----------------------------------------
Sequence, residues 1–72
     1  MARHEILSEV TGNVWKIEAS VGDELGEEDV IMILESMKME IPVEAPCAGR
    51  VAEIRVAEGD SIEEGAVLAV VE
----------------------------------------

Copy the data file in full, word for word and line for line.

Sequence, residues 1–72
     1  MARHEILSEV TGNVWKIEAS VGDELGEEDV IMILESMKME IPVEAPCAGR
    51  VAEIRVAEGD SIEEGAVLAV VE